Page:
Not every matrix on V ⊗ W can be written as a tensor product of a matrix on V and another on W.

I am reading some notes about tensor product of vector spaces (those in here) where the following sentence can be found:

Note that not every matrix on V ⊗ W can be written as a tensor product of a matrix on V and another on W.

Matrices in V ⊗ W are defined as a Kronecker product. So, how could this claim be possible? Has it to do with the problem of splitting the Kronecker product of two matrices?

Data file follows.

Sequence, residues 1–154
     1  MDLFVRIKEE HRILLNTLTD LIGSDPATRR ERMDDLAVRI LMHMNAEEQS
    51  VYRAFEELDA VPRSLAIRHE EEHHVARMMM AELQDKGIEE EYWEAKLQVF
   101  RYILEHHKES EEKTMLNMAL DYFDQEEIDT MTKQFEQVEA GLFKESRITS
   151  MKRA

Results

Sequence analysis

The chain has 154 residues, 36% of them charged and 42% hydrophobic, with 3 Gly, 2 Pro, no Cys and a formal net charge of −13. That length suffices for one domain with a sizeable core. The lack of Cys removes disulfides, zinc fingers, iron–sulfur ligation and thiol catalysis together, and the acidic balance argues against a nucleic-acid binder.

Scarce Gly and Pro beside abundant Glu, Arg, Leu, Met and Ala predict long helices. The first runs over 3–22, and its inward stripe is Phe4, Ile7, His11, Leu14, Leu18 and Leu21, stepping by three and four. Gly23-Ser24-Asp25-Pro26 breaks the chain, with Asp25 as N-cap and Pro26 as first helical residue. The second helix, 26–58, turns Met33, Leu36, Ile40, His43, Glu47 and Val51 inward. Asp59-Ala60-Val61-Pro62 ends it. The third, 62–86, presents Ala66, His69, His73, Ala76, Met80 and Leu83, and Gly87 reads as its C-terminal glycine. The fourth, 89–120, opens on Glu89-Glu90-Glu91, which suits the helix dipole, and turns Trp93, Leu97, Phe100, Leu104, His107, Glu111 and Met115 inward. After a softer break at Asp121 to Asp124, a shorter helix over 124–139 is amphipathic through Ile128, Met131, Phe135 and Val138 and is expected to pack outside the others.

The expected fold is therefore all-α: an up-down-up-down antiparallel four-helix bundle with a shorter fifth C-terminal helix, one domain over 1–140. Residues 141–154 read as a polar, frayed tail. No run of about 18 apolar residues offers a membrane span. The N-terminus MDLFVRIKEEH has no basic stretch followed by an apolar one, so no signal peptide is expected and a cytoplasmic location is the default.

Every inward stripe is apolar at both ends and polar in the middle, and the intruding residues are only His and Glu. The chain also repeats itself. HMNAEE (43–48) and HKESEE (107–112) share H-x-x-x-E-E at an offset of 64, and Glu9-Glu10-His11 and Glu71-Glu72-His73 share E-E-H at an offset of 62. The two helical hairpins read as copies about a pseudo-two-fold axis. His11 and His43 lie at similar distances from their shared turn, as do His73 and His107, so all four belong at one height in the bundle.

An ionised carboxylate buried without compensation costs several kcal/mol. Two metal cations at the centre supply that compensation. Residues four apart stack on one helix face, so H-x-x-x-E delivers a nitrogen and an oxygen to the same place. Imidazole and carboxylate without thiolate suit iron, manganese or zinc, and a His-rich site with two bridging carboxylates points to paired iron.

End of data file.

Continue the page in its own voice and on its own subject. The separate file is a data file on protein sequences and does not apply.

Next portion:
More generally: does the general picture changes if we consider V and W infinite-dimensional vector spaces?

2. Consider a $$4 \times 4$$ matrix $$C$$ with only one zero entry. If you try to write $$C = A \otimes B$$, either none of the $$A,B$$ entries is equal to zero and then $$C$$ will have no zero entry. Or they have at least one, and then $$C$$ will have at least four zero entries.